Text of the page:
What you need to know about your clients with lactose intolerance


Lactose intolerance is a common condition, in which symptoms arise following ingestion of the disaccharide sugar lactose, in an individual lacking the hydrolytic enzyme lactase. Lactose is
consequently unable to be absorbed across the intestinal wall into the bloodstream, and therefore remains in the lumen of the intestine to cause symptoms. Primary hypolactasia is common in most races, although rarer in Northern Europeans, and may be congenital, inherited in a recessive manner. Secondary hypolactasia follows damage to the intestinal mucosa (e.g. acute gastroenteritis, Crohn's disease, and Whipple syndrome) and is therefore potentially reversible following treatment of the initial insult.

Lactose is the carbohydrate component of milk. In higher mammals, lactase levels are highest at birth but decline gradually after weaning. In humans, however, a mutation on chromosome 2 has resulted in maintenance of pre-weaning levels of lactase and has, therefore, allowed our consumption of dairy products.

Lactose intolerance results from a deficiency in the enzyme lactase, usually found within the brush border of the intestine, especially in the jejunum. In a healthy individual, lactase would usually hydrolyze ingested lactose into glucose and galactose. With insufficient levels of the enzyme, lactose remains in the intestine and due to its osmotic potential draws fluid into the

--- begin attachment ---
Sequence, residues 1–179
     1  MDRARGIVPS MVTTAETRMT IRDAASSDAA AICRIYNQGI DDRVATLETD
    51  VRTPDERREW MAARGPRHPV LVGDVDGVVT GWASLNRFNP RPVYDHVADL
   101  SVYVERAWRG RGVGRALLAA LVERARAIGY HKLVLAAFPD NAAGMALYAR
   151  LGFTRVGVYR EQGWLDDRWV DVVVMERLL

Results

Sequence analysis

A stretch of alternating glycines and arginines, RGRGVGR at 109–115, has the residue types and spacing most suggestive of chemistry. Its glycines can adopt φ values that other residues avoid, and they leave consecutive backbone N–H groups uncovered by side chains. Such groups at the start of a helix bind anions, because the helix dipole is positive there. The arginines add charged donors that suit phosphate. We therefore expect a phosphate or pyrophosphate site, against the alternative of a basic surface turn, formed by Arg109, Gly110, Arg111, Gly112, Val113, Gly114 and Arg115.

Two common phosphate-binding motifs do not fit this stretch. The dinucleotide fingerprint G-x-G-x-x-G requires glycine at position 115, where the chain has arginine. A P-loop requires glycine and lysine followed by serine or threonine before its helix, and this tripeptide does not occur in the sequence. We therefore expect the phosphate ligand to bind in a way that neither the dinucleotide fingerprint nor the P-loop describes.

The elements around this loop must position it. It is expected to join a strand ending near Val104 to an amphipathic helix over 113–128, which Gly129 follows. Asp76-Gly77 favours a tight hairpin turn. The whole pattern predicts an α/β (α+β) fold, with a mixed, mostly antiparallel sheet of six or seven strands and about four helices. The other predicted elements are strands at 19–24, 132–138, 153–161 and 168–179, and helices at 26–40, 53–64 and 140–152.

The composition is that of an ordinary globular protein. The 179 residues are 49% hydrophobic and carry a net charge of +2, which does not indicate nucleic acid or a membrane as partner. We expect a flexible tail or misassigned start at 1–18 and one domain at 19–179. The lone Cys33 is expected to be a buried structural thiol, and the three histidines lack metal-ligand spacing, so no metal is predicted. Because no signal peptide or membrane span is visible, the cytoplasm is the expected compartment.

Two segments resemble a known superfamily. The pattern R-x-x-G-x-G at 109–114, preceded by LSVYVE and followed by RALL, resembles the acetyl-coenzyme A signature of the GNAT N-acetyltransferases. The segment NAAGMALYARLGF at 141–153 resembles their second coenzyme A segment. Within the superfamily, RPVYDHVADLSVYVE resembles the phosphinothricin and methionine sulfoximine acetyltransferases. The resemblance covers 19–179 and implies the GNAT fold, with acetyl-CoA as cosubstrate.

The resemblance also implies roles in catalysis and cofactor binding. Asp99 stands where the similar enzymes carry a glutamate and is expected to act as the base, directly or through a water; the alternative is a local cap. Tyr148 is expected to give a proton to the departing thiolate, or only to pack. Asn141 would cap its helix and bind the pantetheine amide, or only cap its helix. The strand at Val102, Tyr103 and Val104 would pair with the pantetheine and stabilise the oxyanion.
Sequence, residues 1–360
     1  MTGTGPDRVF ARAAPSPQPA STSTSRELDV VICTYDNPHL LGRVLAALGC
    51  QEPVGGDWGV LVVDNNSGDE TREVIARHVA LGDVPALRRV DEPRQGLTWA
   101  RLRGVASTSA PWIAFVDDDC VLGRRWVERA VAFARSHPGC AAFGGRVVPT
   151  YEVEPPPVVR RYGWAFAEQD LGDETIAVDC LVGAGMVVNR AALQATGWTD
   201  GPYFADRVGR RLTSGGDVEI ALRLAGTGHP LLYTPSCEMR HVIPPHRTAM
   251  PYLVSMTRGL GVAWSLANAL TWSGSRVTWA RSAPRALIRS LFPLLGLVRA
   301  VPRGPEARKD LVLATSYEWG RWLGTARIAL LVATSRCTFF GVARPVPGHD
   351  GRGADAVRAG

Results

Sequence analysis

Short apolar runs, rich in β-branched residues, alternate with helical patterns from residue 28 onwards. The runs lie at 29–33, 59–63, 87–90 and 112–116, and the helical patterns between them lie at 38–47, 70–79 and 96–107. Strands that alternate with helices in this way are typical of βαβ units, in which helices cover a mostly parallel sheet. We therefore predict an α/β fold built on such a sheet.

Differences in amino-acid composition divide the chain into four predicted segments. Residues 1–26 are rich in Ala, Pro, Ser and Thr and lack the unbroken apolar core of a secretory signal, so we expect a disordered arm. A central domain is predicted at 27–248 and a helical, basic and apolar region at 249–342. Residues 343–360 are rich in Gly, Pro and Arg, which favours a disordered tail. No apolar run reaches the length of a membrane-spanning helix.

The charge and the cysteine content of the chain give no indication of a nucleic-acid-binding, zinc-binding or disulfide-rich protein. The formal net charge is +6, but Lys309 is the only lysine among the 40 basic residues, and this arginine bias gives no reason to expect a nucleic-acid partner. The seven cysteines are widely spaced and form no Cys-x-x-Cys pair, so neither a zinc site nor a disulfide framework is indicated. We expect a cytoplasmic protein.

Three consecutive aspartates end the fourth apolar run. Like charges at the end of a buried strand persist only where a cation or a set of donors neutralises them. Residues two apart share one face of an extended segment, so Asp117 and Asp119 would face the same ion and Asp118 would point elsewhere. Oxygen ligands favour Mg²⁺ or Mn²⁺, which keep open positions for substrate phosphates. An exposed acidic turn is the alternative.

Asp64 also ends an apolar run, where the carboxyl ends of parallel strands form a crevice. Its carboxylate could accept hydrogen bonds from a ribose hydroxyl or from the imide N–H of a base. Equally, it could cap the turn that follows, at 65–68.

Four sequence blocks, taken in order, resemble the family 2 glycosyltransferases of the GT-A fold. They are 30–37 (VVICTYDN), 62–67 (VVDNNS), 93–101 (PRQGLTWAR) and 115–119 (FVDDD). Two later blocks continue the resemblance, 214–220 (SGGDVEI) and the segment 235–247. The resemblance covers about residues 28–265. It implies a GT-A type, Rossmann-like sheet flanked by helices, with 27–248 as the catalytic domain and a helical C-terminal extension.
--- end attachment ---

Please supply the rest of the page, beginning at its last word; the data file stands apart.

lumen, causing symptoms.

In infants, lactose intolerance can sometimes present with vomiting or with failure to thrive. In adult patients, symptoms may include watery diarrhea, abdominal distension, abdominal discomfort, and excessive flatulence. Symptoms are similar to those of irritable
bowel syndrome and can, therefore, be misdiagnosed. Clinical examination is usually unremarkable.

Diagnosis is made by the presence of reducing sugars in a stool sample or by means of a hydrogen breath test. Hydrogen is produced when the incompletely hydrolyzed sugars are fermented in the bowel by normal colonic bacteria, and is detectable by a breath test.

Strict dietary control is sufficient to avoid the symptoms resulting from lactase deficiency. This includes avoidance of dairy products such as cheese, milk, yoghurt, and butter, and non-dairy foods that use lactose as an additive for texture, including processed meats and other foodstuffs, gravy, stock, sliced bread, potato chips, breakfast cereals, and some medications. 
For primary hypolactasia, lactase supplements such as Lactaid are available for purchase over-the-counter. In cases of secondary hypolactasia, treatment of the underlying condition should
improve symptoms.

Andreas Hurtig